In this area you will be able to:
- Propose, vote on, and discuss research ideas
- View current studies
- View published research
Here, you can submit a research idea to the community, cast your votes, and discuss research ideas proposed by other members. Please make your research question as specific as possible. Other members will vote on your research idea, and we will prioritize research ideas with the most votes.
You are allowed to vote for your own proposed research idea if you want. However, you can only vote for a total of five research ideas. If you have already cast your five votes and an idea you like even more is proposed, you can change your votes at any time to reflect your current preferences.
The research team will review all submitted ideas and provide a response to you and to the community. If your idea leads to an IBD Partners Study, you will have the opportunity to serve as a patient collaborator on the research team for that study.
We encourage you to prioritize the ideas that are most important to you, even if the research team determines that your idea is not a good fit for IBD Partners. We will share ideas labeled “Not a Good Fit” with researchers outside of our network when appropriate. We want to make sure all of your votes count!
Thanks for your participation in this important platform to help the IBD research community understand what research questions are important to patients. We are passionate about finding answers to your questions!
Paternal Disease Activity Is Associated With Difficulty in Conception Among Men With Inflammatory Bowel Diseases
IBD commonly affects men and women during their reproductive ages. Because of this, researchers are interested in knowing how the disease affects fertility and pregnancy. Much research on the impact of IBD on fertility and pregnancy has focused on women, but for this study, researchers focused on men. They wanted to know how men’s IBD and their use of IBD medication affect reproductive outcomes. The study results showed that men who received a diagnosis of IBD before trying to conceive were more likely to have difficulty conceiving than men who developed IBD after conceiving. However, these fi ndings were noted only in those with recently active disease within the past 6 months. Men with IBD who were in long-term remission were similar to the rates prior to development of IBD. Exposure to any of the medications for treating IBD was not associated with congenital anomalies, low birth weight or preterm births.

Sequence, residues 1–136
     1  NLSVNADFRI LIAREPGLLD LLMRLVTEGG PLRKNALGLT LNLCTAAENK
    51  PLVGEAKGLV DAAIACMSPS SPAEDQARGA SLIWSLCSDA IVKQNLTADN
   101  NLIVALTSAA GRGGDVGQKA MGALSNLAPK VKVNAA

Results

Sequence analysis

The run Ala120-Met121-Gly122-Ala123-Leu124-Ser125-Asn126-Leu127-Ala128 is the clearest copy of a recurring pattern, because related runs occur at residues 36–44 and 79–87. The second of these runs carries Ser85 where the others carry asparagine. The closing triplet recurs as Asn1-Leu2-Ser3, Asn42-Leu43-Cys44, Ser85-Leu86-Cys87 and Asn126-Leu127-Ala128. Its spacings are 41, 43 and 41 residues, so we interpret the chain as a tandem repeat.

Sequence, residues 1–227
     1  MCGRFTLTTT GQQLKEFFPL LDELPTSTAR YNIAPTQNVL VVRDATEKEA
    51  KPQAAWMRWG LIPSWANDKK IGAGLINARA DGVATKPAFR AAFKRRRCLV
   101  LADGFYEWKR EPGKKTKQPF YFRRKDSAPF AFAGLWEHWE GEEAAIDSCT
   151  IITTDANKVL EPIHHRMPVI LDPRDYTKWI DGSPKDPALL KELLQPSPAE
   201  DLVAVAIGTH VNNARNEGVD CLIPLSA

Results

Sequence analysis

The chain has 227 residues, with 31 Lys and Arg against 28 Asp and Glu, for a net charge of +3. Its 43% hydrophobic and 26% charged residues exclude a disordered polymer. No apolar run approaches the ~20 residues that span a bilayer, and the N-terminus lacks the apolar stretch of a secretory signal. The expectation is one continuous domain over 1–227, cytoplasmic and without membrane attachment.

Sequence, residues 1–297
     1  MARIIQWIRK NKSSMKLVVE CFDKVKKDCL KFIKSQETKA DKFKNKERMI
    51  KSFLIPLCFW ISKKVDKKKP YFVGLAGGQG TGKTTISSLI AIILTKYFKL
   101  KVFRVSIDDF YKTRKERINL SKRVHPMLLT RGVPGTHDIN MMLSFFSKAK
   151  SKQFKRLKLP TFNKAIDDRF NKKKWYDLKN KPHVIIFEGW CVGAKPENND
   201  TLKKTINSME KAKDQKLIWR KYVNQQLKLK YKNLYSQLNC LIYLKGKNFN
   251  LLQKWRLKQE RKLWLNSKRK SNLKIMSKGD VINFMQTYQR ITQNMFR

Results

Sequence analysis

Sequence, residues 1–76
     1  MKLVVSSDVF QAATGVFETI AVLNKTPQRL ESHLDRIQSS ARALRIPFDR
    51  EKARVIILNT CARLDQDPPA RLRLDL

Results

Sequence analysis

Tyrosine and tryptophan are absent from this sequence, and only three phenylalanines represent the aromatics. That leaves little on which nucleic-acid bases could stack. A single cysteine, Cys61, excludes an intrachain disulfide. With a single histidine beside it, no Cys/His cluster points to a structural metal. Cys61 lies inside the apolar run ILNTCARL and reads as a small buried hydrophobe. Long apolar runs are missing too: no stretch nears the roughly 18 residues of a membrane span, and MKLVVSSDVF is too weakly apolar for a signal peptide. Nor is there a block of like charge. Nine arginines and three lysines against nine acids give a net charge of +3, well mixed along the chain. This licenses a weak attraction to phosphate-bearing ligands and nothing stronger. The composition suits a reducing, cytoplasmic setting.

Full Scientific Manuscript
paternal; disease activity; men; fertility; pregnancy
|Lifestyle, Health Maintenance|
Infertility Care Among Men and Women With Inflammatory Bowel Diseases in the CCFA Partners Cohort
We studied how often women and men with inflammatory bowel disease (IBD) seek care for infertility (problems getting pregnant). We also looked at reasons why individuals had trouble getting pregnant. A total of 12.5% of women in CCFA Partners went to see a doctor for problems getting pregnant. This was a little higher in women with Crohn’s disease (14.1%) than in women with ulcerative colitis (9.5%). Risk factors for needing help getting pregnant were: prior GI surgery and older age. The most common cause of fertility problems in women was blocked fallopian tubes. For men, 8.7% needed help with fertility. Age was a risk factor. The most common cause of fertility problems was a problem with their female partner. Nearly 80% of women and men who went to the doctor for fertility problems were able to get pregnant. These rates of pregnancy with fertility treatment are similar to those of people without IBD.
Full Scientific Abstract
infertility; pregnancy; sexual health; infertile; sexual function
Symptom Worsening During Pregnancy and Lactation is Associated with Age, Body Mass Index, and Disease Phenotype in Women with Inflammatory Bowel Disease
In a study of over 300 women with inflammatory bowel disease who reported at least one pregnancy after their IBD diagnosis, more than half reported that their disease symptoms improved during pregnancy, while about 20% said that their disease symptoms were worse during pregnancy. Younger women and women with ulcerative colitis were more likely to have increased disease symptoms during pregnancy. Of the nearly 200 women who breastfed, 14% said that symptoms improved, 13% said symptoms got worse and about 40% said their symptoms did not change during breastfeeding Those with worsening symptoms during breastfeeding were younger and had a lower body mass index than those whose symptoms remained the same or improved.
Full Scientific Abstract
community; population; pregnancy; hormone; hormonal; hormone influence; hormone fluctuation; lactation; age; BMI Disease phenotype; BMI; phenotype; flare; active disease; risk; women; women’s health; female; feminine; symptom